1:00 PM Group Exercise onParticipants’Projects - Counties Room

David Sibbet – Facilitator
Brett Wright – Coach
Anthony Jackson – Coach
Bruno LaPorte – Coach

4:00 Break

6:00 Dinner – Tenaya Lodge

7:00 Free Evening

APRIL 29 | WEDNESDAY

 

7:00 AM Breakfast – Tenaya Lodge

7:45 AM Collect Evaluations

Steve Shackelton, Bruno LaPorte, Adam Miller

8:00 AM Report Out by Participants – Case Problems

Facilitated by David Sibbet

9:00 AM Closing Circle - Reflection

David Sibbet

10:00 Farewell and Certificates

Adam Miller, Steve Shackelton

11:00 Board Transportation for the Bay Area

 

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CURRICULUM

This seminar is designed specifically for leaders in the park and protected area management. Participants will learn to lead strategic change by anticipating change, reinvigorating their organizations, and incorporating innovative thinking into their management. A practical framework will be applied to real-world case studies and take-home action plans. These four modules are incorporated throughout the 10-day intensive.

 

Leading Change and Organizational Renewal

The leading organizations habitually innovate, adjust quickly to new conditions, and exploit emerging opportunities. They perform efficiently today while continuing to explore new sources of value for tomorrow. Such organizations don’t just happen; they’re created by leaders who understand the importance of change. Analyzing real-life successes and failures in both the corporate and public land management arenas, participants will learn how to anticipate, evaluate, and proactively respond to external changes, while examining how to balance innovation with performance. Participants will gain the tools and perspectives needed to develop specific action plans for renewing organizations.

Key takeaways:

  • Learn a universally-adaptable framework and create a usable action plan for strategic leadership that includes:

  • Setting a forward-thinking strategic direction with measurable objectives

  • Analyzing performance gaps and opportunity gaps and their root causes

  • Defining, diagnosing, and shaping desired culture change to execute strategy

  • Managing for short-term solutions while building capacity for long-term strategic visioning & innovation

  • Overcoming resistance to change

 

Context Matters: Trends and Critical Issues in Public Land Management

Managers need to understand the context in which they work in order to articulate a clear vision and set a strategic direction. The context surrounding today’s parks and protected areas are rapidly changing. They are linked to the economic welfare of nearby communities and to the global welfare at large. Boundary-crossing issues of global concern such as climate change, watershed protection, and an increase in the severity of wildfires have arisen. Partnerships and fundraising have become central to park operations, and parks are increasingly struggling with relevancy due to demographic changes and cultural shifts. Public land managers need to be sure they understand the current context in which they work in order to implement informed, forward-thinking decisions.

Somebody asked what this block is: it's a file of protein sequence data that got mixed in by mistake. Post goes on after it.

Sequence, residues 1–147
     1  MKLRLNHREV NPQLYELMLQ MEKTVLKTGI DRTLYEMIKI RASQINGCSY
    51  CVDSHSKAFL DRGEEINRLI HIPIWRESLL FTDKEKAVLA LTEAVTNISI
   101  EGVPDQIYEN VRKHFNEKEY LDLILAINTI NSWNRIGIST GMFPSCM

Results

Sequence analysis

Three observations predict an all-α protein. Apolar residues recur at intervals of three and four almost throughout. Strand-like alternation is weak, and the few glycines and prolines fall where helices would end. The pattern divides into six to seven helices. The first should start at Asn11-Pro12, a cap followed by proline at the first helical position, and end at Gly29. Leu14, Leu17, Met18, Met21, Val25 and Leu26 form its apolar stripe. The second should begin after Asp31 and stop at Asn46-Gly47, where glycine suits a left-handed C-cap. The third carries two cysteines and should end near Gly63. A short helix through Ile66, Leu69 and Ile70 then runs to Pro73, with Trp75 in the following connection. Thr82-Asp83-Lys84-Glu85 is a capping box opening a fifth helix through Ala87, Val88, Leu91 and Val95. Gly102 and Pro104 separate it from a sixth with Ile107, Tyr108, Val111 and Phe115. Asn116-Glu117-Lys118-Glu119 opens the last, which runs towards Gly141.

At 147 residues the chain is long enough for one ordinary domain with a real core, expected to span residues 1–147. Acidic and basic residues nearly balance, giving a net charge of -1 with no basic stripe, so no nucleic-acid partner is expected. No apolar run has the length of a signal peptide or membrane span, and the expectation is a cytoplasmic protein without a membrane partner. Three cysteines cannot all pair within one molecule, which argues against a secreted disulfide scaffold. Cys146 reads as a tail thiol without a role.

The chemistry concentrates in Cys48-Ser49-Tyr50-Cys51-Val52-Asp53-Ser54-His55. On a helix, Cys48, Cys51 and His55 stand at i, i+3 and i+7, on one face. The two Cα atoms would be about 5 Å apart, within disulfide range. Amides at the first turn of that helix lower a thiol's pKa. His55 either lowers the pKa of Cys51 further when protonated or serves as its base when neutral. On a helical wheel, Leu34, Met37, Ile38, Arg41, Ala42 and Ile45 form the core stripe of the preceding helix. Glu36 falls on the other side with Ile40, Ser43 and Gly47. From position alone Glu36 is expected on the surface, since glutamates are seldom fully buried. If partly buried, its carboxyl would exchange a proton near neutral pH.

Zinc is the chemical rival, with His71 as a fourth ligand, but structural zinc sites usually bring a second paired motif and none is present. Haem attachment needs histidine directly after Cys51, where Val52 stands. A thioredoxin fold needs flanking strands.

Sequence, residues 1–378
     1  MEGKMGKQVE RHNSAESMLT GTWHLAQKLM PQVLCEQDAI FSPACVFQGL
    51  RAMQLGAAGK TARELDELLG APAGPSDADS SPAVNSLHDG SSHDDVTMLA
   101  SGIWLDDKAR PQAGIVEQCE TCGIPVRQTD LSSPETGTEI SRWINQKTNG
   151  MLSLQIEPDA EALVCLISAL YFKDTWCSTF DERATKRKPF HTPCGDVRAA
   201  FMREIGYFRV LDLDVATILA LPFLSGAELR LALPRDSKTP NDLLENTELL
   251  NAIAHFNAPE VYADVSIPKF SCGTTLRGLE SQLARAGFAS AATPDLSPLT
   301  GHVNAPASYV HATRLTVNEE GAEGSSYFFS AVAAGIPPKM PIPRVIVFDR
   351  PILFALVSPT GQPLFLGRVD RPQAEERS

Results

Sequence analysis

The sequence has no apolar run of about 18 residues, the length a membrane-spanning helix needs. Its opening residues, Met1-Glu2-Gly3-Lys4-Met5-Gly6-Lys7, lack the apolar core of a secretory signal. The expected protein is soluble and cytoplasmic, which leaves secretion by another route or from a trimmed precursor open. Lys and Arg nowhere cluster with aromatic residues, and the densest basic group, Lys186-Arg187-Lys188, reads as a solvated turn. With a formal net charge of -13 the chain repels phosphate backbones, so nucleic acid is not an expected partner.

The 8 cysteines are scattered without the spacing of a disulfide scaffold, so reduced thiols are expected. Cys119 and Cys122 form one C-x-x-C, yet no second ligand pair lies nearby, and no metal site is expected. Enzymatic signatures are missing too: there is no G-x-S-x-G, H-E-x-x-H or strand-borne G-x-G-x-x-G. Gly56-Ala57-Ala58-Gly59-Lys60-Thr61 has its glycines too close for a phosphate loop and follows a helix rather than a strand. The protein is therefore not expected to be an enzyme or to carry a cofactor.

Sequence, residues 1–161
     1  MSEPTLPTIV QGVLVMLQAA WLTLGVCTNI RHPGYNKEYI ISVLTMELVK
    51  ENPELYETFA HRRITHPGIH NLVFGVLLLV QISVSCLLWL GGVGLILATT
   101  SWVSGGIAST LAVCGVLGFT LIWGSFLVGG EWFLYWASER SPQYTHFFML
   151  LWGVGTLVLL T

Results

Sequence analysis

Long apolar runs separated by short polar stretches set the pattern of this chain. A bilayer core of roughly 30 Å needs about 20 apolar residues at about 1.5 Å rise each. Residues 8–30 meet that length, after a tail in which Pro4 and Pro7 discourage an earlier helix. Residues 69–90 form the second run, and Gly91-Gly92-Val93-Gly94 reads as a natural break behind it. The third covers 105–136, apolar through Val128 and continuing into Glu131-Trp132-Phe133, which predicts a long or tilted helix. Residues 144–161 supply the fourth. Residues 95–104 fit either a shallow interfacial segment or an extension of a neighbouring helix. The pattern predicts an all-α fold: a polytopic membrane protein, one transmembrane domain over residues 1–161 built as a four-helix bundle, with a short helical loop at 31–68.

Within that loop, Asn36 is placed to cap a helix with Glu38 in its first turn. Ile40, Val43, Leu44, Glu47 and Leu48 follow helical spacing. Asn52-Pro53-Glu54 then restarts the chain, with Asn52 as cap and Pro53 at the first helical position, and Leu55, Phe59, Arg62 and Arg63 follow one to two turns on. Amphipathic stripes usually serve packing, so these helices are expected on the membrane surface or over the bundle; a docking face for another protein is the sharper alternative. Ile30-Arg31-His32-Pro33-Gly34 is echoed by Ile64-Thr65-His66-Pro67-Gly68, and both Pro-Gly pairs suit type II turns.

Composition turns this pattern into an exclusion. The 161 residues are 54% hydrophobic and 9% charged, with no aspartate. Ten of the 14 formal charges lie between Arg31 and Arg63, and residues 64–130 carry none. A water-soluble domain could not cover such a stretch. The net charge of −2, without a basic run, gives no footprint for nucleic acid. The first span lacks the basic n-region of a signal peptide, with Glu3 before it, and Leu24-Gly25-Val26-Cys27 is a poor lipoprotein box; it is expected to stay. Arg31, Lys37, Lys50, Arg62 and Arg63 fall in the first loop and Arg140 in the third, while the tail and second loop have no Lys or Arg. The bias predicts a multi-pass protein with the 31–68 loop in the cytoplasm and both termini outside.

The course will present situations that encourage participants to think about trends that may impact them in the future. Embedded in this module are answering the questions, "Are we moving in the right direction?" and "How can we anticipate these changes rather than simply react?"

 

Innovation in the Field

In the past, public land management agencies and institutions have worked primarily within the context of their own organizations—possibly insulated from breakthroughs and revised thinking in disciplines that may have relevancy in public land management. Creative, fresh thinking and interdisciplinary collaboration across agencies is needed in addressing pressing issues identified in the “Context matters” module and in their individual parks.

This module will focus on expanding the opportunities and mindset of public land managers in imagining possibilities through contact with innovators and best on-the-ground practices in a variety of disciplines. Participants will learn how emerging technologies and creative communicating may allow for more effective operations. Besides hearing from leading innovators, participants will become a think tank of ideas through the creation of a global cohort network of park and protected area leaders.

 

Generating Motivation and Commitment

One of the most challenging tasks for a leader is to generate the motivation and commitment necessary to implement change efforts. Managers need to analyze the current culture’s ability to execute the desired strategy, and, if necessary, shape the culture. In doing so, they create satisfied employees who understand the goals they are working toward. Highly engaged employees tend to be more resilient to, and supportive of, organizational change initiatives, and can lead to better company performance overall. Strong leaders help shape culture by building clear and consistent communication across the organization, empowering employees, and creating systems for rewards and incentives.